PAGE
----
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Thread: Best Recipe for duck?

  1. #1
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    Default Best Recipe for duck?

    Any of you folks wanna share the best ways to cook ducks and grouse? I've been wrapping the breast in bacon and surrounding them with Apple wedges sprinkled with cinnamon and sugar and baking it covered. Looking for something new.

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    Here you go:
    http://forums.outdoorsdirectory.com/...reakfast)-.-.-.


    • I like this Recipe for birds both duck and Spruce hen.
      Remove the Breast meat from the Bone.
      Next completly coat it in some white flour that was seasoned with salt and pepper.
      Next dip in a mixture of one egg and a half cup of milk mixed well.
      Then roll in Italian bread crumbs coating completly.
      Fry in oil until golden brown then finnish the bigger breast pieces in a 350* oven for @ 10 minutes. Thinner/smaller pieces are done just from the frying. You can also cut the breast meat into strips and fry only.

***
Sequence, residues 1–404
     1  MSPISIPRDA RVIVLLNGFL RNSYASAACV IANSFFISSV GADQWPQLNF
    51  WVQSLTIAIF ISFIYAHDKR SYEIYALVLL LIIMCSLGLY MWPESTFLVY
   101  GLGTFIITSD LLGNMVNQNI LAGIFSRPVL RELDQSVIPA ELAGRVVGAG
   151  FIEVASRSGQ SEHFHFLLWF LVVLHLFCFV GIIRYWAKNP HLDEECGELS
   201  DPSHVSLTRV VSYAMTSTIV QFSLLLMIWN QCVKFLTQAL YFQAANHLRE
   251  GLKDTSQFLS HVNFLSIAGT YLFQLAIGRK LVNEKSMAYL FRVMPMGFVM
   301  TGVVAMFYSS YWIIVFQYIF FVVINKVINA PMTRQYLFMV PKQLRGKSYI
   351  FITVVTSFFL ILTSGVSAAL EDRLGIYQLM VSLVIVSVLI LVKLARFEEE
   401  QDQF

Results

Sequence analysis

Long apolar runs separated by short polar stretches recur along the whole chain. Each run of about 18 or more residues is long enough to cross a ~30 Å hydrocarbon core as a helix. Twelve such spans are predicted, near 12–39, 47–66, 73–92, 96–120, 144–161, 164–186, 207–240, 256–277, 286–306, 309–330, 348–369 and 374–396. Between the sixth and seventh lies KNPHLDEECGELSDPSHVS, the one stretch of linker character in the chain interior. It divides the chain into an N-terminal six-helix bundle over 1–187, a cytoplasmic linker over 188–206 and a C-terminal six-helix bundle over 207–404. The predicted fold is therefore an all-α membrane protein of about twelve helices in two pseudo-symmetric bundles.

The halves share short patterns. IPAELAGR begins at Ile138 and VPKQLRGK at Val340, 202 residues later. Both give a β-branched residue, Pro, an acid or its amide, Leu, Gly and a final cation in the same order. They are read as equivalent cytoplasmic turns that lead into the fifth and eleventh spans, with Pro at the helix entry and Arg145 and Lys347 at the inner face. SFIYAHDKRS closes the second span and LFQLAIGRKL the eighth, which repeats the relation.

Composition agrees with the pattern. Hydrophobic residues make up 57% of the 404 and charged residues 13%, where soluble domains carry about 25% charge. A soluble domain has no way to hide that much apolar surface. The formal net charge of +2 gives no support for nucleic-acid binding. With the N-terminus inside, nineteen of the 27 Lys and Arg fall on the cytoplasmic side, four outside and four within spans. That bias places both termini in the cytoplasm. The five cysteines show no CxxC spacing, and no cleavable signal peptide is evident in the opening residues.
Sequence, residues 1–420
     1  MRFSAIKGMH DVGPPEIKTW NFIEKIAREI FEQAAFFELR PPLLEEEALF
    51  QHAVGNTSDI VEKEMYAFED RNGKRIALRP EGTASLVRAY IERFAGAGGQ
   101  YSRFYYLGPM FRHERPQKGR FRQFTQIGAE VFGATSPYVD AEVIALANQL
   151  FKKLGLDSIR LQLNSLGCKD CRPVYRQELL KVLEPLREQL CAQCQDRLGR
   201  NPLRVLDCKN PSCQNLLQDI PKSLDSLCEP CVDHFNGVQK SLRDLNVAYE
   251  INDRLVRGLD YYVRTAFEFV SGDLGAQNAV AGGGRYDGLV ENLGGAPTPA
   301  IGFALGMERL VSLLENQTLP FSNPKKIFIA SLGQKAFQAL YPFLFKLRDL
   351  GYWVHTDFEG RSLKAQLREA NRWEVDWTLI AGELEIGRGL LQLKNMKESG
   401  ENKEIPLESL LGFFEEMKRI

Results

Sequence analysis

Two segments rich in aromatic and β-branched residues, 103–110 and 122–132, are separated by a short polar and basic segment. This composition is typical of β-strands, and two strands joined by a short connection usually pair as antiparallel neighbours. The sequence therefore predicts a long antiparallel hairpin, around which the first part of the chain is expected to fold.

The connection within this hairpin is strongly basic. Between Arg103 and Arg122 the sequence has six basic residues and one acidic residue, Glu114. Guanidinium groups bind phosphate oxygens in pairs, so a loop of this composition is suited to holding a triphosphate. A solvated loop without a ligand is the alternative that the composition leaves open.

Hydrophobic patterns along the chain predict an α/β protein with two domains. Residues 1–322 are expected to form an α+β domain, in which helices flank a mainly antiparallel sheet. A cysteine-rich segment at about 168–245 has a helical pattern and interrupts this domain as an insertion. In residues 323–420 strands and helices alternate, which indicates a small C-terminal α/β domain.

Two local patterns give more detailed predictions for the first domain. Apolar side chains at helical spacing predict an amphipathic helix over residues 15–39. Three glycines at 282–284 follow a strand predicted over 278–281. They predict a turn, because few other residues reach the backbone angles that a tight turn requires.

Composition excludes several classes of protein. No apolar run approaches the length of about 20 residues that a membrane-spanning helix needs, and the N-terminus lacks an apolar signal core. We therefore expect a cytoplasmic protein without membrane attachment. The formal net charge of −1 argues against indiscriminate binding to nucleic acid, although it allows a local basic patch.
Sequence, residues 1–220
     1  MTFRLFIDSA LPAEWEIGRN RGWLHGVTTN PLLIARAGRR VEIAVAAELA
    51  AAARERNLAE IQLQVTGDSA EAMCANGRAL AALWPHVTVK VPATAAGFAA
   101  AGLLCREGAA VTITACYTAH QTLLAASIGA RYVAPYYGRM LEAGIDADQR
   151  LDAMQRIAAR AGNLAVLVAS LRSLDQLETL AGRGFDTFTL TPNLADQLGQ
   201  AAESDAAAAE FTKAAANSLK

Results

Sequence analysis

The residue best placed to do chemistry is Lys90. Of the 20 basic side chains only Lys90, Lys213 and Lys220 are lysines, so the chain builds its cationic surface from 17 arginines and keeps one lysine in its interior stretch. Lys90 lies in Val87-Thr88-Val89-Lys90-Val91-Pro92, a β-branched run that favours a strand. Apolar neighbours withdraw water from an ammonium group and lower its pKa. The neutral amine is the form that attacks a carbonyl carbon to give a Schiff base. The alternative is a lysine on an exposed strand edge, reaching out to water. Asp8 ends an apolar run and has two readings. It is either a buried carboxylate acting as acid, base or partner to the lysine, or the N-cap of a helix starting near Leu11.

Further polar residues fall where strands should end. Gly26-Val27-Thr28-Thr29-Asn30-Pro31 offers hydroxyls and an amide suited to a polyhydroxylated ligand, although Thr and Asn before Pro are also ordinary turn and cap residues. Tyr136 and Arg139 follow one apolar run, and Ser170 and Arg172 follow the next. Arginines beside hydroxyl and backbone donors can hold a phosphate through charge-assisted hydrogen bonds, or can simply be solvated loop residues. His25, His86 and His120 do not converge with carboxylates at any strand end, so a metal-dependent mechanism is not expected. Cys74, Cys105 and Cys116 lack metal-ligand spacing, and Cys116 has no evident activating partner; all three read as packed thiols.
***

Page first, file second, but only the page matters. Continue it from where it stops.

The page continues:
Very much like chicken strips when you are done. Very Delicious.

      Another good bird reciepe I have used lately is to cover the breast(Bone in) with hickory smoked bacon and wrap in Aluminum foil.
      Bake at 350* for 45 minutes Remove the Bacon and enjoy.





    • 1 Day Ago
      #5


      Duck/grouse with fried okra . . .

      Sounds good . . some additional ideas: substitute Panko for the Italian bread crumbs, and accompany the duck/grouse with fried okra. Your recipe sounds a lot like the one I use . . I use an electric wok with a cup of peanut oil for the frying . . run the oil up to 375-degrees. I'd cut the recipe below in half for my wife and me. It's my opinion that this is why God made okra (Freddies carries okra in the frozen veggie case).

      Fried Okra
      Ingredients


      • 6 cups oil, for frying
      • 1/2 cup cornmeal
      • 1 cup all-purpose flour
      • 2 teaspoons House Seasoning, recipe follows
      • 1/4 teaspoon cayenne pepper
      • 2 pounds fresh okra, sliced 1/2-inch thick
      • 1/2 cup buttermilk
      Directions

      Heat oil in a large, heavy-bottomed skillet or Dutch oven to 350 degrees F. (You may not need to use this much oil; do not fill the pan more than halfway up the sides with oil.)